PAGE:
Interview with Michael Jang, author of “Mastering Red Hat Linux 9”
Michael Jang, RHCE, Linux+, LCP, specializes in books on Linux and Linux certification. His experience with computers goes back to the days of jumbled punch cards. He’s written or contributed to over a dozen books on Linux, Linux certification, Red Hat Linux, and even Windows 98 and XP.
How long have you been working with Linux, and how did you get interested in it?
I started working with Linux in 1997, when I realized that an MCSE and a program in telecommunications was not going to be enough to change careers. Actually, I started with a Unix course at Berkeley, but soon discovered that the course used networked terminals on a S.u.S.E. distribution. It was a good course, focusing on commands, vi, scripts, and some of the folklore behind the development of Unix. It also served as an excellent counterpoint to the book I was writing on Windows 98. I finished my MCSE and have been using Linux ever since.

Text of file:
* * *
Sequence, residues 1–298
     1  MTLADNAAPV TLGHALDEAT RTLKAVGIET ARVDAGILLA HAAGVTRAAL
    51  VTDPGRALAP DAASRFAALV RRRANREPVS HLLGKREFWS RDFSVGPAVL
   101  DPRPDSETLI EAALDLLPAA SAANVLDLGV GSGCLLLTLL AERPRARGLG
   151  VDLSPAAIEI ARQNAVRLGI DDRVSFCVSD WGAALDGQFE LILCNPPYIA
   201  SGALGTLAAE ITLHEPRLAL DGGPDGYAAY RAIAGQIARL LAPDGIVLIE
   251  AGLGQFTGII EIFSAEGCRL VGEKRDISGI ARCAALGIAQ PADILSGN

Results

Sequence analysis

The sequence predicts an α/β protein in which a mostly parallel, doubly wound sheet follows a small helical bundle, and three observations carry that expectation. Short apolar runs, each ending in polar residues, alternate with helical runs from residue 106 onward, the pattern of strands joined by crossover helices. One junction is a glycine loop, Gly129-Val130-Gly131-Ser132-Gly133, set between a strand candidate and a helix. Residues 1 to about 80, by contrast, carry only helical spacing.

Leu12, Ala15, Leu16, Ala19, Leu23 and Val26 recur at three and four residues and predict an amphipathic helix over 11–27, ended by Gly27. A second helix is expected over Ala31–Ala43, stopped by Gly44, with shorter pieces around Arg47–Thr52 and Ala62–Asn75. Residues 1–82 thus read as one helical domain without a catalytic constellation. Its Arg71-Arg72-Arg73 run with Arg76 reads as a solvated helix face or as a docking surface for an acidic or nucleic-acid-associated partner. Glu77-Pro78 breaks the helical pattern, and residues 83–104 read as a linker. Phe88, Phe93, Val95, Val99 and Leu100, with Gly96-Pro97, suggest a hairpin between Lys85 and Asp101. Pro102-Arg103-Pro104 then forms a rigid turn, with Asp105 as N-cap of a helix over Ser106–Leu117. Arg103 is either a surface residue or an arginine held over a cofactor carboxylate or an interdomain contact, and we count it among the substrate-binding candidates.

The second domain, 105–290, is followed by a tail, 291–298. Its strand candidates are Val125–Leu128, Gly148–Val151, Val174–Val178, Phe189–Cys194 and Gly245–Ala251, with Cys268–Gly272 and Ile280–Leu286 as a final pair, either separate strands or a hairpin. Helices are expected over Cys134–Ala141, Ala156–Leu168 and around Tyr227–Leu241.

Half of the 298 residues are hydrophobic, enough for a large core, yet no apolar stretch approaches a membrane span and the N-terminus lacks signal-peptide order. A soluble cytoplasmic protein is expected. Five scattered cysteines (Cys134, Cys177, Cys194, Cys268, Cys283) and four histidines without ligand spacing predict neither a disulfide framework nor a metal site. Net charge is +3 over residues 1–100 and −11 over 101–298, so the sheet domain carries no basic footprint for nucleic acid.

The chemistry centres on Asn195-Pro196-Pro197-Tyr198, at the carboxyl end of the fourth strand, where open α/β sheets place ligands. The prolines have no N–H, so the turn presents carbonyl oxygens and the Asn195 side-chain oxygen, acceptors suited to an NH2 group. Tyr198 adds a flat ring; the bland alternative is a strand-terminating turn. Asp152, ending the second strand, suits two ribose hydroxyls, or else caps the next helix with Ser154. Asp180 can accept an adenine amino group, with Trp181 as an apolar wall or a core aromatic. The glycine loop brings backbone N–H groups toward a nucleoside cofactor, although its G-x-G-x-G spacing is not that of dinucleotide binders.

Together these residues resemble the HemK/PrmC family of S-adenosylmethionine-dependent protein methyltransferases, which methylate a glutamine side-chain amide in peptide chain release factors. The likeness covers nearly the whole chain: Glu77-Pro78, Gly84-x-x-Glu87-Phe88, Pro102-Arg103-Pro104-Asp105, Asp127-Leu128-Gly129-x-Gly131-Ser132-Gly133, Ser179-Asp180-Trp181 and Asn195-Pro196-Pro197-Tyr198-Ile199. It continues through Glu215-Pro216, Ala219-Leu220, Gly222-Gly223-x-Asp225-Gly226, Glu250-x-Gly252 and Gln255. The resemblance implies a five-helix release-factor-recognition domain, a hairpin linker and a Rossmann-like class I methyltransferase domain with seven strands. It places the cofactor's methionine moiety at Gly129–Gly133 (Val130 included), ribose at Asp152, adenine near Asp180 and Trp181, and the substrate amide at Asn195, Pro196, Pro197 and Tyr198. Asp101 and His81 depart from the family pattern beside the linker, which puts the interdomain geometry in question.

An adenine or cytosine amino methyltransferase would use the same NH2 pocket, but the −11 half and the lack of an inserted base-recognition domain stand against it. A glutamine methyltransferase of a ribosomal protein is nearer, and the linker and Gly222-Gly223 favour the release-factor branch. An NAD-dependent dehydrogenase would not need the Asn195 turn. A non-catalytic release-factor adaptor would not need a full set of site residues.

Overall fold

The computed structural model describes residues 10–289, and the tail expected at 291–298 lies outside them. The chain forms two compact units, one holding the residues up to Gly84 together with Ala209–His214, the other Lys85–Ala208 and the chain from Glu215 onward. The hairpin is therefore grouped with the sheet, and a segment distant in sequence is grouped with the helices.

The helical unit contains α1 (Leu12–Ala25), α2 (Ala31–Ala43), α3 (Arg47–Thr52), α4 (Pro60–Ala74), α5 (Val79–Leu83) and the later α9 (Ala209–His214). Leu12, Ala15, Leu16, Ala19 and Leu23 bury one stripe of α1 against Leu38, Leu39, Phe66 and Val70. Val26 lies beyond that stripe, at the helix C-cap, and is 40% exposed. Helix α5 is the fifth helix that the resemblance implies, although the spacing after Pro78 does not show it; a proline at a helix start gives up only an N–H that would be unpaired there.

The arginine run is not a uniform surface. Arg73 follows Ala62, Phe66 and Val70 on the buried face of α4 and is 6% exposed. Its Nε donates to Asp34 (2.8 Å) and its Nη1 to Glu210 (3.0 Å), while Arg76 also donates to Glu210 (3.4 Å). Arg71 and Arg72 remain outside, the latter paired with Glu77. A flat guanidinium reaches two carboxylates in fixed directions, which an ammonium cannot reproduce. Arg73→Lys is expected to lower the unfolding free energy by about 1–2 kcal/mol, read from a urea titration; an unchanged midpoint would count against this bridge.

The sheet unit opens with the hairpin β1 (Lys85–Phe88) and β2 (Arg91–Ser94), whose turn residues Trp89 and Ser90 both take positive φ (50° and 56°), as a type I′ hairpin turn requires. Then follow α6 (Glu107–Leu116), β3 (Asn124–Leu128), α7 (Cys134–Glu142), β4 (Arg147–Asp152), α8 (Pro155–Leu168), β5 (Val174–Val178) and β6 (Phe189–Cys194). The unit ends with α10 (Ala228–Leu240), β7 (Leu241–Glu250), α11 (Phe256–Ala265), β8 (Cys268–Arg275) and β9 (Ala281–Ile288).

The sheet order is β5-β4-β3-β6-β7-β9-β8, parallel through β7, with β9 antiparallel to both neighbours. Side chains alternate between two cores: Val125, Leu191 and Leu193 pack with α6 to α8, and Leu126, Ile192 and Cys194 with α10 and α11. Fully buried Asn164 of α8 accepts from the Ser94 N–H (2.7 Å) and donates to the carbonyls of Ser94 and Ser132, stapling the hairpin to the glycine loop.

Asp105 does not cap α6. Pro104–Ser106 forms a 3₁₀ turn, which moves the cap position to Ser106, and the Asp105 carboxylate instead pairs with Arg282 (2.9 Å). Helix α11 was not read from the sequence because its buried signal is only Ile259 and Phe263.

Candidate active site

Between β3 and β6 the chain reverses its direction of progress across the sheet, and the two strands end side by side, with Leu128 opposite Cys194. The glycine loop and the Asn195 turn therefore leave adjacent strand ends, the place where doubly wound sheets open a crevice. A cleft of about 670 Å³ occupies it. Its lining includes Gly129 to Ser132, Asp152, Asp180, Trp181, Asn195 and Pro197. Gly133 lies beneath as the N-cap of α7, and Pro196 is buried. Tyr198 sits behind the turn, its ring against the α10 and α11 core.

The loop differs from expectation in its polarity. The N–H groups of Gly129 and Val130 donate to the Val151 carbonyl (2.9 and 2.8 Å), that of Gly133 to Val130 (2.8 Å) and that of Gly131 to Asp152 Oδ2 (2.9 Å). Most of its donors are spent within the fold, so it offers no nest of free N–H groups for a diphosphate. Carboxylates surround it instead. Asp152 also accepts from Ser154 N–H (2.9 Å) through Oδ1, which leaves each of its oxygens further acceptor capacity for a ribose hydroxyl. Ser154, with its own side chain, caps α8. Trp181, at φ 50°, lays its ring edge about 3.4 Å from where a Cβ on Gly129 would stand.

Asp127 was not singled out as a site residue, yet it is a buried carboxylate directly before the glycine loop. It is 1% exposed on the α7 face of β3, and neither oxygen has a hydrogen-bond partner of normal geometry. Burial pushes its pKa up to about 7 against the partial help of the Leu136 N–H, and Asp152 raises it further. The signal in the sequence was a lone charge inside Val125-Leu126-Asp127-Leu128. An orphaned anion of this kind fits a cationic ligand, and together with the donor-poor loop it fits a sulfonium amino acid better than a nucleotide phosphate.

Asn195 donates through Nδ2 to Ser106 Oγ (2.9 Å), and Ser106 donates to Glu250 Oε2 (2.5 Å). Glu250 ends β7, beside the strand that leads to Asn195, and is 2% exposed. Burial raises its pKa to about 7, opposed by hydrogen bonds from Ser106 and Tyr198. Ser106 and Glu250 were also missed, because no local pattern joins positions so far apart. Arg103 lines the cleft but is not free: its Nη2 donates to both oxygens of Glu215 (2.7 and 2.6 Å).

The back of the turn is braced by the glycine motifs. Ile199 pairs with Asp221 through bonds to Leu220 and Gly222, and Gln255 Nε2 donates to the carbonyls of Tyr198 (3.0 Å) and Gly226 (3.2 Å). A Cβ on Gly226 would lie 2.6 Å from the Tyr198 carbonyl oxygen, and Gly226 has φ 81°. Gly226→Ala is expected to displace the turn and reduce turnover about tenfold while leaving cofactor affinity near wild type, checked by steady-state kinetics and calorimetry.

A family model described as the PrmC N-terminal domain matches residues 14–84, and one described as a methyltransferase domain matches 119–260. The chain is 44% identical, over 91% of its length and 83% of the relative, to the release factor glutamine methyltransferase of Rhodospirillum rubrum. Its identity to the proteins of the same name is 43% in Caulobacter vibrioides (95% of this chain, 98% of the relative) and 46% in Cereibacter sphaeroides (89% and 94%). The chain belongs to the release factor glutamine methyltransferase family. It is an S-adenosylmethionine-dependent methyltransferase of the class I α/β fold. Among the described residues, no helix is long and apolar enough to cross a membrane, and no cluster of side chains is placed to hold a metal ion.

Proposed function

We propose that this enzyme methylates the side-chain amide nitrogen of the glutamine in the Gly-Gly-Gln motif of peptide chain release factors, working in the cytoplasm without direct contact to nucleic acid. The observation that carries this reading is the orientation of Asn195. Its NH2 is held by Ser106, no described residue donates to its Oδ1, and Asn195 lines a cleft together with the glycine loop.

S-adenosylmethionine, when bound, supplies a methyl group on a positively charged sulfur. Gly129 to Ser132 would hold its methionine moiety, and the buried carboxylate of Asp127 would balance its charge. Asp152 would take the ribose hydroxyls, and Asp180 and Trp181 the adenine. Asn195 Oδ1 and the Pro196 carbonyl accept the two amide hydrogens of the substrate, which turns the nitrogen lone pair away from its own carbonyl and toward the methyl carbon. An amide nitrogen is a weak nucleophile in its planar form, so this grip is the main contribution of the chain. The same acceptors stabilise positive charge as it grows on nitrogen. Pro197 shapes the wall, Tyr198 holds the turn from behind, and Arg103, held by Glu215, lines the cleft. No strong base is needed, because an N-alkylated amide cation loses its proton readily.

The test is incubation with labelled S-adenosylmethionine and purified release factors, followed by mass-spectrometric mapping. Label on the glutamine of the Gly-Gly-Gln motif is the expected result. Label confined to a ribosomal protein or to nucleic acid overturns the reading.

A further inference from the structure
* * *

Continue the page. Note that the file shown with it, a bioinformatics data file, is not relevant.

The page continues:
What Linux distribution(s) do you use?
Because of the books I write, I’m pretty much a Red Hat Linux user now. However, I like the S.u.S.E. tools for installation and configuration. I think Corel had developed a viable competitor to Microsoft Windows on the desktop, and find it sad that their successor (Xandros) went to a proprietary model for their operating system.
How long did it take you to write “Mastering Red Hat Linux 9” and what was it like? Any major difficulties?